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Storm socks roads, flights

CHICAGO — A powerful, gusty storm dumped mounds of snow across the upper Midwest on Sunday, closing major highways in several states, canceling more than 1,600 flights in Chicago and collapsing the roof of the Minnesota Vikings' stadium.

At least four weather-related deaths were reported as the storm system dropped nearly 2 feet of snow in parts of Minnesota and marched east. A blizzard warning was in effect Sunday for parts of eastern Iowa, southeastern Wisconsin, northwestern Illinois and northern Michigan, according to the National Weather Service. Surrounding areas, including Chicago, were under winter storm warnings. Much of Iowa was under a wind-chill advisory.

In Minneapolis, the heavy snow left the Metrodome decidedly unready for some football. The wintry weather, with blowing snow that severely limited visibility, wreaked havoc on air and road travel. In the Chicago area, wind gusts of up to 50 mph, temperatures in the teens and wind chills well below zero were expected, along with up to 8 inches of snow.

At least 1,375 flights were canceled at O'Hare International Airport and more than 300 were canceled at Midway International Airport, Chicago Department of Aviation spokeswoman Karen Pride said.

Both airports expected more cancellations and reported significant delays.

Officials at O'Hare set up about 200 cots and will provide amenity kits containing toothpaste and toothbrushes in case travelers get stranded at the airport, Pride said.

Major highways in several states were closed due to poor driving conditions and accidents.

In Indianapolis, police said a man fatally stabbed his wife, then died four blocks from his home Sunday morning when his vehicle hit a tree after he lost control on a slippery road. Police did not immediately release the names of the couple.

Illinois State Police closed a section of Interstate 80 in the north central part of the state after a multiple-car pileup west of Peru and part of Interstate 55 near Springfield after accidents and reports of zero visibility.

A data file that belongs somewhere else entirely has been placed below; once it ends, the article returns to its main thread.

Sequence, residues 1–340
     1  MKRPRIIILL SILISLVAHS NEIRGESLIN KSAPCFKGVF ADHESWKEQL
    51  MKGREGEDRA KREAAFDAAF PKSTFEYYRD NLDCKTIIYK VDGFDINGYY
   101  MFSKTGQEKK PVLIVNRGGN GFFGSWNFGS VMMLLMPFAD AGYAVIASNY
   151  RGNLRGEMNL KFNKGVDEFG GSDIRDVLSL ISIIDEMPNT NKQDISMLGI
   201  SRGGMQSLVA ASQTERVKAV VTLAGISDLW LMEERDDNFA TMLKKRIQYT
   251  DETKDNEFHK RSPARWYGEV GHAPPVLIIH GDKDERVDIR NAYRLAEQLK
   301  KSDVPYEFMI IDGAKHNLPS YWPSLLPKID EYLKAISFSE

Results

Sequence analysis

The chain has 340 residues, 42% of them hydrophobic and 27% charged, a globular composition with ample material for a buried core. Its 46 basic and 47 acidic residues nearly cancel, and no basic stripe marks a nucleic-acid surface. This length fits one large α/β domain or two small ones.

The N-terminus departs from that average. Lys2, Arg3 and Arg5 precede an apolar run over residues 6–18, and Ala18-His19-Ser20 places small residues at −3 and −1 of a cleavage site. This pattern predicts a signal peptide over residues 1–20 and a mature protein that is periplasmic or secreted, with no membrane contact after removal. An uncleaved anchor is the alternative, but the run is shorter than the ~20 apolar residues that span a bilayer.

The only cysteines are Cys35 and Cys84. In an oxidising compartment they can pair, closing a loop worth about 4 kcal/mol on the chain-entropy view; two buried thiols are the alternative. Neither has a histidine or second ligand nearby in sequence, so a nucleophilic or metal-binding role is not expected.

In Iowa, Interstate 29 from the state line to Sioux Falls, S.D., remained closed.

Seven vehicles crashed on Interstate 94 about 50 miles west of Milwaukee, prompting authorities to close the westbound lanes. A vehicle lost control on an ice-covered road and slammed into a tree in southeastern Wisconsin, killing Alejandria Abaunza, 21, of Chicago.

Tod Pritchard of Wisconsin Emergency Management warned that at a certain point, road salt would no longer be effective. The storm had already dropped up to 18 inches of snow in parts of northern and central Wisconsin, he said.

Authorities said Sunday that weather played a role in the death of Douglas Munneke, 55, of St. Cloud, Minn. He died of a heart attack after collapsing while he was snow-blowing his driveway Saturday.

In western Wisconsin, a 79-year-old man snow-blowing the end of his driveway was killed when a plow truck backed into him. The St. Croix County Sheriff's Department said Clifford Larson of Woodville died at the scene.

Snow also blanketed Tennessee, where up to 8 inches was expected by this evening.

Bay area to see coldest days

The coldest mornings of the season so far will greet the Tampa Bay area this week. High temperatures are expected to reach only the upper 40s today but will feel even colder because of high winds, said Bay News 9 meteorologist Brian McClure. Overnight into Tuesday morning, winds will die down and lows could dip into the 20s — meaning a hard freeze is likely inland, and a freeze is possible in Pinellas County, McClure said. High temperatures Tuesday will reach the

upper 40s to lower 50s. Lows are expected to be back in the 20s Tuesday night into Wednesday morning. "Those two nights are going to be horrible for our plants," McClure said. Temperatures are expected to climb back to average by Friday.

Times staff

Storm socks roads, flights 12/12/10 [Last modified: Monday, November 7, 2011 1:40pm]

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